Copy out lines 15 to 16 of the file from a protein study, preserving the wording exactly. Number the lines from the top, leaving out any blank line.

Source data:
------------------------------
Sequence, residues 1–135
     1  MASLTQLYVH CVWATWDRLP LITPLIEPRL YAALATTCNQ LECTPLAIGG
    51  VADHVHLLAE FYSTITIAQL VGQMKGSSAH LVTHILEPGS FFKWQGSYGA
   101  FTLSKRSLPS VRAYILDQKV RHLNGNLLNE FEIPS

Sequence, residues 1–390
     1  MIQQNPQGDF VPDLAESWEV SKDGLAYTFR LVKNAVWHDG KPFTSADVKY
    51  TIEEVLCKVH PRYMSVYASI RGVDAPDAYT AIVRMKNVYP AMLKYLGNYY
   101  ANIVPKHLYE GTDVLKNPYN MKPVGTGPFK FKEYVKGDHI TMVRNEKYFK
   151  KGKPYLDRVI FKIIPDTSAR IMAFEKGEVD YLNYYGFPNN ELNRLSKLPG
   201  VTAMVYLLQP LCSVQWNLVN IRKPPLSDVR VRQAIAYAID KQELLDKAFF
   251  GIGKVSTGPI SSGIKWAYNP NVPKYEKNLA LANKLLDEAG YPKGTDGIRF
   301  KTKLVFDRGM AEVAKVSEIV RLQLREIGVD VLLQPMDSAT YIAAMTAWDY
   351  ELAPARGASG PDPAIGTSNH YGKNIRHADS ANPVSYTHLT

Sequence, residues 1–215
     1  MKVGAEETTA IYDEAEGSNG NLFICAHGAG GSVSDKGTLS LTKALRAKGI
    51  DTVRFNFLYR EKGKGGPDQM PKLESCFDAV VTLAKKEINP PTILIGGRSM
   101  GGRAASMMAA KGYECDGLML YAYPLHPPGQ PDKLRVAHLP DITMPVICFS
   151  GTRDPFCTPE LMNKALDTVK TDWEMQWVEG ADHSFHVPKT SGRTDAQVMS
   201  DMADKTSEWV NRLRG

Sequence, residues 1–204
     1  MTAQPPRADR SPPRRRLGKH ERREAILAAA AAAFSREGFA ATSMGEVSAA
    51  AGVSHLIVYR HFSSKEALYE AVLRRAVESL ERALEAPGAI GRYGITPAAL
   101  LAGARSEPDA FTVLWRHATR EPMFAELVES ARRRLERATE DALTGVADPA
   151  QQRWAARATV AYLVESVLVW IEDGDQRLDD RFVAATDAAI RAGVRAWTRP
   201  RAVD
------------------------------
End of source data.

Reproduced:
     1  MKVGAEETTA IYDEAEGSNG NLFICAHGAG GSVSDKGTLS LTKALRAKGI
    51  DTVRFNFLYR EKGKGGPDQM PKLESCFDAV VTLAKKEINP PTILIGGRSM